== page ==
Acciona delivers Spanish sunshine from tough 2016
With multiple financial results being released, it's clear that 2016 has been a tough year for global water project developers.
Acciona delivers Spanish sunshine from tough 2016
With multiple financial results being released, it’s clear that 2016 has been a tough year for global water project developers.
Singapore firm Hyflux managed to double its revenue but increased domestic electricity costs meant company profits declined 91% to S$4.8 million from the previous year.
Only weeks before and Spanish environmental services group FCC reported that revenues in its Aqualia water division dropped 2.3% since the previous year.
In France, revenues in Suez’s water division were reported down from €4.8 billion to €4.7 billion, with Veolia’s water revenues down to €11.1 billion, from €11.4 billion the previous year.
Meanwhile Spanish firm Acciona Agua appears to be one of the major project developers to come away from 2016 unscathed.
The group reported a 57% boost in revenue for its water division to a record €708 million last year.
Acciona’s financials were boosted significantly from the global consolidation of ATLL, Barcelona’s bulk water concession, together with two desalination projects in Qatar and water treatment plant in the Philippines.
This led to a three-fold increase in EBITDA (earnings before interest, tax, depreciation and amortization) to €119 million.
Oz graphene partnership aims to disrupt filtration
Australian SMEs Clean TeQ and Ionic Industries have joined forces with Monash University to scale up graphene-based water and wastewater filtration technology.
Graphene oxide will be used in the new wastewater filtration products with the aim to dramatically improve performance and reduce current energy use.
The research and development team behind the project recently won funding through the Australian Government’s Cooperative Research Centres Projects (CRC-P) program and aim to deliver working products in the next two to three years. Hailed as a wonder-material, graphene is a lattice of carbon atoms so thin it’s considered to be two-dimensional, providing “incredible performance characteristics and range of potential applications”, according to the companies.
It was in 2016 when lead researcher Associate Professor Mainak Majumder from Monash University and his team perfected a technique in 2016 that could create graphene filters on an industrial scale.
“Graphene has special properties which could disrupt current commercial filtration techniques and significantly reduce the energy required to filter wastewater,” he said.
The plan is to maket the filter to developing countries.
Veolia teams up for water retail market
Veolia and Scottish Water Business Stream will team up to create a market offering for when the water retail market begins next month.
In April businesses across England will be able to choose which water supplier they use, rather than the default provider in their area.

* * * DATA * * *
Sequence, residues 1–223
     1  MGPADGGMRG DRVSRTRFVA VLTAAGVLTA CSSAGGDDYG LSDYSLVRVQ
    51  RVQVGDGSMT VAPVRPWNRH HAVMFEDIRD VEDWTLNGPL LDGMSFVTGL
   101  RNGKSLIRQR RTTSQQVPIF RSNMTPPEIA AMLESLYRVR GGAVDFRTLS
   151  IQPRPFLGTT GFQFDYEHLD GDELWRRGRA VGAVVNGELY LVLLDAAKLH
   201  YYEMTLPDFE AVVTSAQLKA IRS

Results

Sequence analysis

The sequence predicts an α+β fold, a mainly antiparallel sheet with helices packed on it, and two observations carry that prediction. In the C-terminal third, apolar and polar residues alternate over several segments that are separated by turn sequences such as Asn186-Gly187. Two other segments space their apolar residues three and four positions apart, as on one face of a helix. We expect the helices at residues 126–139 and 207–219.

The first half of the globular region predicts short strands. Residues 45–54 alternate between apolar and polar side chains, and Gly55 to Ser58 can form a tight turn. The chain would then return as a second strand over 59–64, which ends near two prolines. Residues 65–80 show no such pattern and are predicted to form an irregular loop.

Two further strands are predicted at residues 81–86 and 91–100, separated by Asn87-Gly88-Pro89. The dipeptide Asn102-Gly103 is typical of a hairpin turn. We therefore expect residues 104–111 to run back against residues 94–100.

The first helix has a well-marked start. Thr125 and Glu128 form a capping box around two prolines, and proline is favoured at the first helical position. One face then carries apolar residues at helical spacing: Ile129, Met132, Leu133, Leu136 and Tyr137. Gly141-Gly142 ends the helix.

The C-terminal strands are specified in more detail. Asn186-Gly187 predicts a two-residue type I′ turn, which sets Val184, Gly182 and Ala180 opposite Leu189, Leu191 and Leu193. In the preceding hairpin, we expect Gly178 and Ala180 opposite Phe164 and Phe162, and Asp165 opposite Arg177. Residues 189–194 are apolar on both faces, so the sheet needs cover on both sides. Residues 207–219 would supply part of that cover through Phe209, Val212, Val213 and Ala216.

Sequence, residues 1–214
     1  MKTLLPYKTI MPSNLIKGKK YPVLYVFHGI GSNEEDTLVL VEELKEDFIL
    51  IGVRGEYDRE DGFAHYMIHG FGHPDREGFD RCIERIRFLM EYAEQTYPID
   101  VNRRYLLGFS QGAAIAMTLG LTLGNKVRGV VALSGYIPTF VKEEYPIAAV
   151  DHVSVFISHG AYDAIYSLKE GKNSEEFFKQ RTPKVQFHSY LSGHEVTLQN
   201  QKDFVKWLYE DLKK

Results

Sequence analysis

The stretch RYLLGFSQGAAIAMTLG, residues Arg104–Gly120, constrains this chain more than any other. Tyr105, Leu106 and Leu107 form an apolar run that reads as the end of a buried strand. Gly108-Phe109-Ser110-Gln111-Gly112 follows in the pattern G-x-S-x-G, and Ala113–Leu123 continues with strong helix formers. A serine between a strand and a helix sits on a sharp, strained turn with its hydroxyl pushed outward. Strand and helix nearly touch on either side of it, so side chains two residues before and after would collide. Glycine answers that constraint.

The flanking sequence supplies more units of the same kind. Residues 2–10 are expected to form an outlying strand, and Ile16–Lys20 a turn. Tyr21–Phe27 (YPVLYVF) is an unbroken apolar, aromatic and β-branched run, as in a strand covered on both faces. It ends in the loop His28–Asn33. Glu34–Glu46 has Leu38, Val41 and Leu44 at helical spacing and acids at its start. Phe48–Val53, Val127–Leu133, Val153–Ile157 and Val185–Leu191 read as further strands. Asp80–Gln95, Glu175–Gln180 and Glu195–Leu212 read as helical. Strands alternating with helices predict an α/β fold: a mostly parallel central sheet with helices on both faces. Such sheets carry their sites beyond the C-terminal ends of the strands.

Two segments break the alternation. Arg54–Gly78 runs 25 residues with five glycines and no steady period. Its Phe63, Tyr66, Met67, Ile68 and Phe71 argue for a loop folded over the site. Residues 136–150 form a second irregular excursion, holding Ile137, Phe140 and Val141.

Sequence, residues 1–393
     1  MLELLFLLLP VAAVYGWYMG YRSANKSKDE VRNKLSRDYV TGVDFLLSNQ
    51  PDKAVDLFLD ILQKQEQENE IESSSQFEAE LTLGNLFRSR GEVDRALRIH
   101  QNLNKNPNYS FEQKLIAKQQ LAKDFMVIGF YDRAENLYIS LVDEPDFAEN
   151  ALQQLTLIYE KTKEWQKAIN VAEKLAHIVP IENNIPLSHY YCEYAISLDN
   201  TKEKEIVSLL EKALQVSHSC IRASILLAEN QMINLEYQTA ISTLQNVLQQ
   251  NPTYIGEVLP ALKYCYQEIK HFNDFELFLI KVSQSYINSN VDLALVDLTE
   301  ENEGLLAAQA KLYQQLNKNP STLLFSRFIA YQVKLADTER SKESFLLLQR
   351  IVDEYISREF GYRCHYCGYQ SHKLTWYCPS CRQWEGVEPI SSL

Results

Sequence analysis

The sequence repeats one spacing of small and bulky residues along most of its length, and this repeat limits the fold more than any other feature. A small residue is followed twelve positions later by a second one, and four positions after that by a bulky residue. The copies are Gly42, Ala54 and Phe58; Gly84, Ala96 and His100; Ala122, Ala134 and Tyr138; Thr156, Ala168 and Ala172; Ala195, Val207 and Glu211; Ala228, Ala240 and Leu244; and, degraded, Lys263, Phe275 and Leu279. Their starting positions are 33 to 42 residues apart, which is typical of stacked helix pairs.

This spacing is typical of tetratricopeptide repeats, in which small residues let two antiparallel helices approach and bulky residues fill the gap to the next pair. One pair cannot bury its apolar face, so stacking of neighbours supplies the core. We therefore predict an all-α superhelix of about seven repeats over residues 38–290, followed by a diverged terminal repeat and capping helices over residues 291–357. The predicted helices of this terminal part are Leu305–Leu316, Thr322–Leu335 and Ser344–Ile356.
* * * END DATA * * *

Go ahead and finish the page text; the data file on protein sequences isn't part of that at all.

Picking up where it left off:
This will enable 1.2 million businesses and public bodies in England to go shopping for new suppliers, much like consumers can for their gas and electricity providers.
Business Stream has previous experience from the water retail market, which opened up to businesses in Scotland after the Water Services (Scotland) Act 2005 was established.
However, the opening of the residential retail water market in England is subject to a further decision from the government - Ofwat has submitted its assessment to the government of the potential costs and benefits.
Brazil utility privatisation to unlock Rio recovery LOAN
Following an assembly vote state water and wastewater operator CEDAE will finally be privatised after years of discussion.
Authorization was passed, with 41 votes in favour against 28 votes opposing, to put the struggling water utility up for sale.
The decision to privatise CEDAE has been controversial, sparking employee protests and clashes with police. For Rio, the move would unlock a BRL3.5 (US$1.1 billion) federal government loan to help with public service recovery.
Rio city and state have been facing financial trouble due to a costly infrastructure spend for the Olympics and downturn of the oil industry.
Humberto Lemos, president of the Sintsama union in Rio, reportedly told the Globo news website that there won’t be a shortage of water for the population.
India to roll out 100 small scale fluoride removal plants with AdEdge
AdEdge India has been awarded a contract to design, construct and commission 100 water treatment plants for fluoride removal in the State of Bihar. The 8 m3/hour turnkey systems will be installed in the communities of Banka, Dhuraiya, and Katoriya.
This marks the first fluoride water treatment project for AdEdge India having previously participated in an arsenic demonstration project in the State of West Bengal. The fluoride treatment plants will use the company’s AD74 activated alumina media in the process.
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